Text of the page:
Outwardly the USA is a secular state while in reality it is a haven for fundamentalist power groups which have more in common with their alleged Muslim extremist opponents than they have differences. And both exclude women both from power and influence, including the right to control their bodies, choose their sexual practices, and define their spirituality.
North American feminism has prided itself on its use of reason, its arguments based on logic and history to demand equal rights for women and the laws and arrangements to make that possible. At the same time, most feminists have insisted on a sharp distinction between spirituality, including the reclaiming of women’s belief systems inside and outside established sects, and religion which involves established organizations, hierarchies, and mandated practices. In so doing, feminists in the 90s have underestimated both the political power that is organized religion, and the influence that fundamentalism has achieved in the political sphere.
Lacking an established church, the US has seen the growth of self-referential, self-proclaimed churches headed by those who stress faith and rigid adherence to the words of their particular bible, regardless of its provenance or translation over the centuries. In almost all these sects, women are seen as both the source of evil and a group to be controlled in every way. While debate in Europe may take place between those who are familiar with history and theology stretching back centuries, arguments in the US are conducted merely by the exchange of quotations from religious texts or writings purported to be by those who have had intimate conversations with the lord. George W. Bush is not the first or only politician who has claimed personal guidance from above which absolves him of responsibility for his illegal and immoral policy decisions as president.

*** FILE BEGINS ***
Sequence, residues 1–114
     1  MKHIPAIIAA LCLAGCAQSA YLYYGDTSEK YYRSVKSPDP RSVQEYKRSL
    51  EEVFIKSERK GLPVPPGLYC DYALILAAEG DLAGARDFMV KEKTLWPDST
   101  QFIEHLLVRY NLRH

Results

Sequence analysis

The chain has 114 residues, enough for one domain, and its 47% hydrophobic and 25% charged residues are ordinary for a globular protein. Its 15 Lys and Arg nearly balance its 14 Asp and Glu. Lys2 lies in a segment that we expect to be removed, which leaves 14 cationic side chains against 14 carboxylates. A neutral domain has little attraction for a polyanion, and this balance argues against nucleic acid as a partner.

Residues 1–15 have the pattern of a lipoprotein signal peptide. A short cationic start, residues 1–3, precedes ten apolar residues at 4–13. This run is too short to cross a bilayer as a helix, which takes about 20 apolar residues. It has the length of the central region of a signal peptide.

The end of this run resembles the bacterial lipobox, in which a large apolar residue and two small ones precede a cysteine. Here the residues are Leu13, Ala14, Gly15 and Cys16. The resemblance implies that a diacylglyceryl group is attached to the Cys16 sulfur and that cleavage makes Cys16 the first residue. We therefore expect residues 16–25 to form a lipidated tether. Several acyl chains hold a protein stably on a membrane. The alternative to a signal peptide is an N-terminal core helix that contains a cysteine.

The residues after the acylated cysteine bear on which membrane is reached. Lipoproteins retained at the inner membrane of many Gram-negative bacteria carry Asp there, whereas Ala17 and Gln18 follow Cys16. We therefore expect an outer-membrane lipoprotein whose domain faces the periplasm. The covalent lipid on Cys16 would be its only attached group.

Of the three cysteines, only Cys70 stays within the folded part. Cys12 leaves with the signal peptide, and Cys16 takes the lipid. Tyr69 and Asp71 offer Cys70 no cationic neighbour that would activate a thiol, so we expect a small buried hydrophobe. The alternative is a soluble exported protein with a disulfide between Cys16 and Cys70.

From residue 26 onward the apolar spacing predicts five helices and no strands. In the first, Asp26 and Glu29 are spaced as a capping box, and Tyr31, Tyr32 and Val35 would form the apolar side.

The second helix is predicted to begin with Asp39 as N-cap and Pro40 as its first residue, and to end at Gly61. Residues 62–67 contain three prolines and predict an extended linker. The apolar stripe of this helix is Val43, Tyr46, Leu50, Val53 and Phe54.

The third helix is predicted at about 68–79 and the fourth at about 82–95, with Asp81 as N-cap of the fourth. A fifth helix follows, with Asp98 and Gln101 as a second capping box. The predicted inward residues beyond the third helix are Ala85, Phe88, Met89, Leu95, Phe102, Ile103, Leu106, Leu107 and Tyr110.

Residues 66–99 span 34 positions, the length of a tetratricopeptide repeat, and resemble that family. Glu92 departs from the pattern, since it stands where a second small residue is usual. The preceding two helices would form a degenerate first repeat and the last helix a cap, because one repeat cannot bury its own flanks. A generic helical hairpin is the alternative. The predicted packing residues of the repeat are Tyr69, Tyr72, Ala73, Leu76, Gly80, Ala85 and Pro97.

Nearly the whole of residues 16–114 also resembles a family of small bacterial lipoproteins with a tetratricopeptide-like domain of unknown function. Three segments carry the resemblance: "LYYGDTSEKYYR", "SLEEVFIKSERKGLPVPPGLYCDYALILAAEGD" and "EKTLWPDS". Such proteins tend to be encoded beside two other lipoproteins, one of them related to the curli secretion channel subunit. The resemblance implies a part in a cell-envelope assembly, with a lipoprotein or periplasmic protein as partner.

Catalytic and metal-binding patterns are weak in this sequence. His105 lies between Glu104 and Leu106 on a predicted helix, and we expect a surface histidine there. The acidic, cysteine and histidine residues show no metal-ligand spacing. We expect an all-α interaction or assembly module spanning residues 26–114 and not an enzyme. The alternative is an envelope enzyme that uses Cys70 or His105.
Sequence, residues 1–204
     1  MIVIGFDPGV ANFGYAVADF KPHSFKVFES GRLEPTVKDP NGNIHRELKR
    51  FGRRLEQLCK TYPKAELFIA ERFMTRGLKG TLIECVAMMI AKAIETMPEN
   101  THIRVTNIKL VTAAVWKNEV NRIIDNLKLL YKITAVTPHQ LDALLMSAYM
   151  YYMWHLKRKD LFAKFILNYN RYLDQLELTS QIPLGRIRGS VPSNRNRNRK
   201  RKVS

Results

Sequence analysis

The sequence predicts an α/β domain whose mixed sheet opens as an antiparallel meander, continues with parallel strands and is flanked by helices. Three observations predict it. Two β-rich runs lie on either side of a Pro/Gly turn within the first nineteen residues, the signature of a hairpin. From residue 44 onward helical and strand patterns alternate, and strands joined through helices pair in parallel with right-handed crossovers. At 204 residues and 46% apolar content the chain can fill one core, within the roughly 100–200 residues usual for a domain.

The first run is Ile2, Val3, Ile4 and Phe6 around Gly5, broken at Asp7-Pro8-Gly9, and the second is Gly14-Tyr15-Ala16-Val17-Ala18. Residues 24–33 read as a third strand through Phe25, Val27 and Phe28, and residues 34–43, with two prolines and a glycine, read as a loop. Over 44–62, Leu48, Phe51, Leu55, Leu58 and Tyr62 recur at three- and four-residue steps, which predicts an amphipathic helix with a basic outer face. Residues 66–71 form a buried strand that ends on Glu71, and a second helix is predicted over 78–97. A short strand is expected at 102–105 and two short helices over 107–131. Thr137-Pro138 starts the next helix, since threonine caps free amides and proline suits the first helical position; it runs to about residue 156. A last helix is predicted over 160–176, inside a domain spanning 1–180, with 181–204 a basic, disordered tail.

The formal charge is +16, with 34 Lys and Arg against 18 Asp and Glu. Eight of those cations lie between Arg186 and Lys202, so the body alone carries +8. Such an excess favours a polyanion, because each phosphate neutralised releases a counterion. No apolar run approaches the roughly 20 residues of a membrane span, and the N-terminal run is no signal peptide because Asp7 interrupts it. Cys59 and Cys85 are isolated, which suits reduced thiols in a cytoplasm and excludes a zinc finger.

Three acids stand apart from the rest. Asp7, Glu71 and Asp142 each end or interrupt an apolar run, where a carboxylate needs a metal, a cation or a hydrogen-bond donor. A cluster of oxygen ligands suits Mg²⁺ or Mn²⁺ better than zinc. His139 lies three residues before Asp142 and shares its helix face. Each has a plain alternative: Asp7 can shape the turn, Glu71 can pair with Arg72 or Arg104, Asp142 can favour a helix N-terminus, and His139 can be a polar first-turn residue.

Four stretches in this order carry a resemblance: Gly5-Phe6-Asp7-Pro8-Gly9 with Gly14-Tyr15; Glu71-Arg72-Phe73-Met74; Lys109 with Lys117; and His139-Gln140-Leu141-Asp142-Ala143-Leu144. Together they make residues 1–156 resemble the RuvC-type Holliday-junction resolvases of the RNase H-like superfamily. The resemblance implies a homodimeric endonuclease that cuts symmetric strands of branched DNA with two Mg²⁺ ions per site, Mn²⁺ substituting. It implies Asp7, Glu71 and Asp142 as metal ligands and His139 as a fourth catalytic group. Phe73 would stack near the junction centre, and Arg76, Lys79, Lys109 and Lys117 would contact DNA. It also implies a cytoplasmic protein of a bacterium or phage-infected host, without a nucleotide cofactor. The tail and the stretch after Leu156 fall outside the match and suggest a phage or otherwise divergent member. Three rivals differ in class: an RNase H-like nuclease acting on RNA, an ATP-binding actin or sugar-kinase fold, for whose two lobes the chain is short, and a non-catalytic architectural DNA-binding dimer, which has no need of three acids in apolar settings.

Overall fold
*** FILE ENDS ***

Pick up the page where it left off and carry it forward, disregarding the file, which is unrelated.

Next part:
In the US, unlike Europe, atheism and secular humanism are minority views seldom articulated in public. No American politician can expect to raise money or be elected if she or he fails to declare a belief in a higher power. While the Constitution affirms a strong divide between church and state, popular discourse and media reportage take for granted that to be ’godless’ is to be immoral, sinful, unreliable, dishonest, and dangerous. Feminists who wish to change the power structure or theology of recognized religions, and feminists who are spiritual in unusual ways are condemned not only by their opponents, in the case of abortion and gay rights, but by the public at large. Logic and reason play no role in these debates, nor do references to church and secular history, law or even established theology. And public debate leading to legislative and judicial activity is far less significant than the private influence of religious individuals and groups.